Let’s just get this out of the way – a million things are going through my mind right now. From questions about longevity to pay to technical considerations, it’s a giant headache. Hopefully by writing all of this down you’ll be able to avoid some of my mistakes and make the transition a bit smoother for your company.
When to Make the Jump
The first question you must answer as you transition from a one-person business to an agency setting is the question of “when”. I was wishy-washy on this for far too long. I wasn’t sure that I wanted to deal with employees and go through the hassle of scaling a business like this. For at least a year, I was content with being a one-man band.
Sure, I had set up an LLC and made all the preparations, but let’s be clear: I was a freelancer. I worked from home and loved the fact that I could roll out of bed and make a 10 second commute to work. I loved getting homemade hot food everyday from my amazing wife, and got to be there as my daughter rolled over the first time, learned to crawl, and will pretty soon learn to walk.
I learned the downsides to being “the guy” though as well. I think Chester A. Arthur (21st President of the US) said it best, “you have no idea how…fatiguing it is to live in the same house where you work.”
I was able to work a lot, but it’s also difficult to balance being at home all the time. It’s even more difficult to go on vacation. Technically everything in my business can be done with a laptop and internet connection, but finding time to work while on vacation can be tricky, especially while important monthly reports are coming due.
It was time to start planning for my first employee. After all, I had already exceeded the monthly revenue goal I had set while still on my own (10k/mo).
Who to Hire
I lucked out on this part, because I’ve known for months who I’m going to hire. One of my good friends is finishing up a temporary sales job, and we agreed over all-you-can-eat sushi that he will come work with me when he finishes in a couple months (the job, not the sushi).
Even though we are tight, I’m still going to have him sign an official employee contract and treat him as such. Since he has a background in sales, we’re going to work together to create a lead generation strategy in order to scale the business.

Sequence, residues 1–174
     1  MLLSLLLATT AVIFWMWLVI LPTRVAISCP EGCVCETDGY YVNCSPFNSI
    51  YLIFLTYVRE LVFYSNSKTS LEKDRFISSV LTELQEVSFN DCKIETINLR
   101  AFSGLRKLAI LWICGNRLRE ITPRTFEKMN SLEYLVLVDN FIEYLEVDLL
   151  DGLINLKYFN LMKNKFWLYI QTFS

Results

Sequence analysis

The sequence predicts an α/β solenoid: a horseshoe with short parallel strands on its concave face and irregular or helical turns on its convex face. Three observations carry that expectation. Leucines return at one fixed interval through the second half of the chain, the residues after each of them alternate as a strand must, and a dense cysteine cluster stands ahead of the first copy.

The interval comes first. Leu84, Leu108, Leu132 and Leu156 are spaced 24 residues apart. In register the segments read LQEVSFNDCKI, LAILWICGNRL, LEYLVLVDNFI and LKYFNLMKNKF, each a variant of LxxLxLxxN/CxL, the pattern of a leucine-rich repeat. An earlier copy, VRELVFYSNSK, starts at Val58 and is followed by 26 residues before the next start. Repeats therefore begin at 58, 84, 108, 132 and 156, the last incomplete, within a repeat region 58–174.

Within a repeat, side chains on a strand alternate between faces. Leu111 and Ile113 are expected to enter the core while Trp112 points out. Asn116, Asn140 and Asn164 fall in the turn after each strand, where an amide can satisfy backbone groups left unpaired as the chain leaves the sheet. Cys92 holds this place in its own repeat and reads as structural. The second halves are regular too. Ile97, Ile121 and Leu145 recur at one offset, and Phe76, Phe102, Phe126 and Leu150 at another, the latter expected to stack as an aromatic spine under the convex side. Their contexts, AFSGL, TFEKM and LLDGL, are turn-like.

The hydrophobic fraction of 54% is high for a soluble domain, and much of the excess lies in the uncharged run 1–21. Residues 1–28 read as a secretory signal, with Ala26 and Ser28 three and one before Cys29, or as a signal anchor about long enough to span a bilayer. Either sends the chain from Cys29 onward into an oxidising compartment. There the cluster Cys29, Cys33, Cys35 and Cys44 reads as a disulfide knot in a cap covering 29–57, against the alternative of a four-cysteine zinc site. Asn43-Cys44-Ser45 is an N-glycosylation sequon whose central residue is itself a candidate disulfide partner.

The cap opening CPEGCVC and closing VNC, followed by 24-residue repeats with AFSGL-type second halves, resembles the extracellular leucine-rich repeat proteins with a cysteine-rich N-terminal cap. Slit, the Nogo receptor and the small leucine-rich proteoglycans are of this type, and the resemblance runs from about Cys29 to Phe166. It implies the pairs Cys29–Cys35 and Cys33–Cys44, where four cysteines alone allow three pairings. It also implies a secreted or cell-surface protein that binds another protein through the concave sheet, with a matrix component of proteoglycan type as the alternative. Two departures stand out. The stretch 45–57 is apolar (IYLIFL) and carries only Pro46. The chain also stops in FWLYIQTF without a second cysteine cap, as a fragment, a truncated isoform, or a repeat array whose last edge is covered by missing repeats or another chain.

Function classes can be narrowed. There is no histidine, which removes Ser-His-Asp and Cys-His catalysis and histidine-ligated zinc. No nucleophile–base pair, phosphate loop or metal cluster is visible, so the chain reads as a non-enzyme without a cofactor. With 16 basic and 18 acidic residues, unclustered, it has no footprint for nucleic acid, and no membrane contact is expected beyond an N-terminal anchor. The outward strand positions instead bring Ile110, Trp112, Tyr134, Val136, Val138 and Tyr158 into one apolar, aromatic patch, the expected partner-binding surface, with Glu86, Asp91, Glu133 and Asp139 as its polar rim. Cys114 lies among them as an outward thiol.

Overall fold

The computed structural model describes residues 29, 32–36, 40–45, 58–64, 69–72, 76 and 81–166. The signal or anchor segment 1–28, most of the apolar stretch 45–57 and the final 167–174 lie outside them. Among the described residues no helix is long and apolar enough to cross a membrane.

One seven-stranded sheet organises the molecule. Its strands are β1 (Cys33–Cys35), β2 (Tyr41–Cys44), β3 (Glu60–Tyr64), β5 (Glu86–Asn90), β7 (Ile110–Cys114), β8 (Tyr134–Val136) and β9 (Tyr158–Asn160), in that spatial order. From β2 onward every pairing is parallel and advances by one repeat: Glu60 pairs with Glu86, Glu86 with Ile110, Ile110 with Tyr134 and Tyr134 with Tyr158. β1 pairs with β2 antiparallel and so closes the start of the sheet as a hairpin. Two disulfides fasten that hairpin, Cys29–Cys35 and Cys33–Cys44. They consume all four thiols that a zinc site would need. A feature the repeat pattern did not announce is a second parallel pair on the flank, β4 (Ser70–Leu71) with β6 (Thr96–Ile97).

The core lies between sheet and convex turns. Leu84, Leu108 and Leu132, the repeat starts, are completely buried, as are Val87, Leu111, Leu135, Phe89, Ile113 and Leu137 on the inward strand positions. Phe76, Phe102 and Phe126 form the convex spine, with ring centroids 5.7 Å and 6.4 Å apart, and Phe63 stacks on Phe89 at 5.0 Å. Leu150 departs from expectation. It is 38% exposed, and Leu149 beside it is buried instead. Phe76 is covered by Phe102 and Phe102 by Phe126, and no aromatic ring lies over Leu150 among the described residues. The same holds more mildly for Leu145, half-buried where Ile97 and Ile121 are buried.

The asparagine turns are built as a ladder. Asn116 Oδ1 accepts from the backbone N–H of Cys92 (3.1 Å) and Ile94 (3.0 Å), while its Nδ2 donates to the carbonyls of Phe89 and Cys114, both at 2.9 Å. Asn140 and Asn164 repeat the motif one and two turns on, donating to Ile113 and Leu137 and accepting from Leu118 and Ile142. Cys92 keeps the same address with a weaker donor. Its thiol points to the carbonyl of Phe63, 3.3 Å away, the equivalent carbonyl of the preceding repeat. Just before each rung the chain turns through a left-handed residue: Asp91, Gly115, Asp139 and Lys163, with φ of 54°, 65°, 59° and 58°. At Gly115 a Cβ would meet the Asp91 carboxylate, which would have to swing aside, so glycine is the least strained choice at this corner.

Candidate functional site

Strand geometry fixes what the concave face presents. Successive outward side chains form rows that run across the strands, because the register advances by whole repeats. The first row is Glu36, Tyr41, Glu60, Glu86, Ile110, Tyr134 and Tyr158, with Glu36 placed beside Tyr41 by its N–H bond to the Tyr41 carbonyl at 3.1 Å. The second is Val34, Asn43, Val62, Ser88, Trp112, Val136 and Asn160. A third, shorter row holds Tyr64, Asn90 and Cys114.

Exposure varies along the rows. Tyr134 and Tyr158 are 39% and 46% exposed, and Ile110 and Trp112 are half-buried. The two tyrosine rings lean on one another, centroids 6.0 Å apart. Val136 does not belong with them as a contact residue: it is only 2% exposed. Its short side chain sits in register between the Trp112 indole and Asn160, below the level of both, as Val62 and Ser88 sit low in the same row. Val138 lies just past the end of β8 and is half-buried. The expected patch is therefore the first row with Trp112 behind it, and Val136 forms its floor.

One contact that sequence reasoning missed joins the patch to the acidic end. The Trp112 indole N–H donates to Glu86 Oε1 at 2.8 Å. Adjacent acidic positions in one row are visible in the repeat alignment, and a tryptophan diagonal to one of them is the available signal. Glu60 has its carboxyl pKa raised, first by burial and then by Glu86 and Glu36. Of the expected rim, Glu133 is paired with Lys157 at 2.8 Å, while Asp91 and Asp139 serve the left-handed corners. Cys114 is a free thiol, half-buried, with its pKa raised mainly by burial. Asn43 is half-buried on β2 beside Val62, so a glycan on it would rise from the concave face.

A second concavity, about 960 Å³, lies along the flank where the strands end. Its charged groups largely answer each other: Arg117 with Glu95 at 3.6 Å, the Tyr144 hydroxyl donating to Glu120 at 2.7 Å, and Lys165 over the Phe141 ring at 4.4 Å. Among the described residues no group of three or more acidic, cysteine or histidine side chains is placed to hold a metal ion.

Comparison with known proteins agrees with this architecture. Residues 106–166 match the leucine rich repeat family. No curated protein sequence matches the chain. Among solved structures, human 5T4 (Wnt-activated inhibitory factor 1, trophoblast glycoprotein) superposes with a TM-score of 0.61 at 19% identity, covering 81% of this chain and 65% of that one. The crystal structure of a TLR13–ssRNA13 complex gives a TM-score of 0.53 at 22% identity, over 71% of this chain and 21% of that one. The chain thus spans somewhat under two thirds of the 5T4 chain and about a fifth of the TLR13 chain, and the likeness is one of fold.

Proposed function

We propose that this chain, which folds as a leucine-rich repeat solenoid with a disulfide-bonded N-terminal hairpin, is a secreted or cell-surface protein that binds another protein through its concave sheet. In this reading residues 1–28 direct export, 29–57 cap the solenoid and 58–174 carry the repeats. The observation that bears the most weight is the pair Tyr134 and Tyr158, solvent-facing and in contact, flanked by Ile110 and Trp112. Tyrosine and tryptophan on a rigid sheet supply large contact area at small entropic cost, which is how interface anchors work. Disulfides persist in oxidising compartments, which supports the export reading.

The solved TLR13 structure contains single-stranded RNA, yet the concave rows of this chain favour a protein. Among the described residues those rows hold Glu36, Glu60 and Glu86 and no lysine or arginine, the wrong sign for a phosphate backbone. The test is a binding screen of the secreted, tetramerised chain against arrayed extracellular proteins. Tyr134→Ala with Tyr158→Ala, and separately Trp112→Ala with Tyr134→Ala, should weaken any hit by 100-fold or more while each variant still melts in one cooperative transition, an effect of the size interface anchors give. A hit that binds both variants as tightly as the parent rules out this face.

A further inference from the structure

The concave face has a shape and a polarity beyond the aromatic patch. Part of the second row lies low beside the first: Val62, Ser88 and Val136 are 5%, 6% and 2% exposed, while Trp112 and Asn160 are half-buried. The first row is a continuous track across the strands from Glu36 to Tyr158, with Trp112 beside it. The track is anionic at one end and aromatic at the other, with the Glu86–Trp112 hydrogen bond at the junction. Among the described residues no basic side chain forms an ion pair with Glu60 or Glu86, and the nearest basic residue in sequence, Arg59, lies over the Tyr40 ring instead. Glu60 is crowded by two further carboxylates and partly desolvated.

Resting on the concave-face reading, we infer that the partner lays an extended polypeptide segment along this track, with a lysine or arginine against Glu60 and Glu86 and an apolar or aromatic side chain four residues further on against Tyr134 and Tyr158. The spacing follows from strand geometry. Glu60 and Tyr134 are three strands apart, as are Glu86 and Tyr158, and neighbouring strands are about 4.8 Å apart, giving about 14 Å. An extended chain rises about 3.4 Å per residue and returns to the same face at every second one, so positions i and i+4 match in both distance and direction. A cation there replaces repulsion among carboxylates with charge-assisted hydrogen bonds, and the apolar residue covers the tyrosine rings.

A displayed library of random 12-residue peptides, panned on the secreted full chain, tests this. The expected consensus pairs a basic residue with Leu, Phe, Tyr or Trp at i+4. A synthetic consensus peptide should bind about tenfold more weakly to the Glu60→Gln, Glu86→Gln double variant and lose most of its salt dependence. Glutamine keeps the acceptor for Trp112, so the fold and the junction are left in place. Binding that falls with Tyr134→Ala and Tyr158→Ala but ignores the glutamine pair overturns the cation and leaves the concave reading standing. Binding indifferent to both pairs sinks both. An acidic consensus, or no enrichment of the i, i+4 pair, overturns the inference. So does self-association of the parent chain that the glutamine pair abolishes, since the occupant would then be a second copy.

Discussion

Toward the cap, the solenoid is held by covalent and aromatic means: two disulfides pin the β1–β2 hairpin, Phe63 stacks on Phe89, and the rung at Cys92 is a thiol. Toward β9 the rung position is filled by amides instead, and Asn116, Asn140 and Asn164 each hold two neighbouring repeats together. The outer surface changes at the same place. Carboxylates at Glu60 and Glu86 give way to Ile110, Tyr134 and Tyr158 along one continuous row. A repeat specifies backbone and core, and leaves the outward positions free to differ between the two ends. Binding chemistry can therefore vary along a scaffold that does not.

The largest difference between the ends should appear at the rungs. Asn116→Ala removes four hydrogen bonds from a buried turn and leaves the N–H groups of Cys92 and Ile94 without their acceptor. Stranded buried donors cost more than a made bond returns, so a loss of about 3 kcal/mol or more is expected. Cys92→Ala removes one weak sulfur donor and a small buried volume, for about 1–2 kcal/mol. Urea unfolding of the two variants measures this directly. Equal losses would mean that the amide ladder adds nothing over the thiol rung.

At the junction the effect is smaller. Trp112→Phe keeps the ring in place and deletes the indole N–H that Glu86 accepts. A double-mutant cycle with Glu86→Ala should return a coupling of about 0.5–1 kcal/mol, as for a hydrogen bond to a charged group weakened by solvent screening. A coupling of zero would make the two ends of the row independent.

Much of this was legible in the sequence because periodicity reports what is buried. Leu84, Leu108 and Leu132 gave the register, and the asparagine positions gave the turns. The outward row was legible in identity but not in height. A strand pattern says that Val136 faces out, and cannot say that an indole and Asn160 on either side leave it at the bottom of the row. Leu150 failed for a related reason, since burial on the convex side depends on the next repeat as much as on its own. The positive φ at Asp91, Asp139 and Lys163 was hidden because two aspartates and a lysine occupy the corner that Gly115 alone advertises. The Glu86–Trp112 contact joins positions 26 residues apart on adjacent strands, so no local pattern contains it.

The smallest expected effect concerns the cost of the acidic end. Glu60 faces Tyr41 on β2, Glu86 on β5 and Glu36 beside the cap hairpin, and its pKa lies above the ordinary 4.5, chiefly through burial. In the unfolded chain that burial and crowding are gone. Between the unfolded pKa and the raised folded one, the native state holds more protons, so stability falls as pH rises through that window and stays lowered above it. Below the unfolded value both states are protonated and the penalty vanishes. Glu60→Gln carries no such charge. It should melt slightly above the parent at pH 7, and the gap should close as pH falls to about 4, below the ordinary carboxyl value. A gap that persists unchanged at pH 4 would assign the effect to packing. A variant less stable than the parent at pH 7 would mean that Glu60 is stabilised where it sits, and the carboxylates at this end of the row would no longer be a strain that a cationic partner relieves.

I still have to work through questions about position, pay, responsibilities, and expectations, but I will do so in the following months before he is officially hired. This will become a model for how I hire people in the future. He’s the guinea pig (don’t tell him!).
The one thing that you need to ascertain before hiring is “buy in”. Will the person you hire be a drain on the culture or help to build up your brand? Will they be loyal or is this just a temporary J-O-B to them? It’s impossible to see the future, but some of these questions can be discerned by hiring SLOWLY. Correspond with them for awhile before making a decision (weeks, not days), so you can see if any red flags show up. It’s better to be slightly over-worked for a while than to make the wrong hire and lose clients or sully your image.
As I go through this process, I’m starting to realize all of the flaws in my business: my
The answer (right now) is a fat “NO”.
This needs to change before bringing anyone on. My goal by the time his first day at work rolls around is a) to have a water-tight employee contract in place, b) a training manual completed, and c) clearly defined daily expectations for him.
Just as my first few months of being on my own produced infinite changes and pivots, I’m sure this will tell me exactly what I need to fix as well. But that’s part of the fun, right? We’re able to shape our businesses exactly the way we want it, and as it molds and evolves, we can achieve our visions that we had at the outset.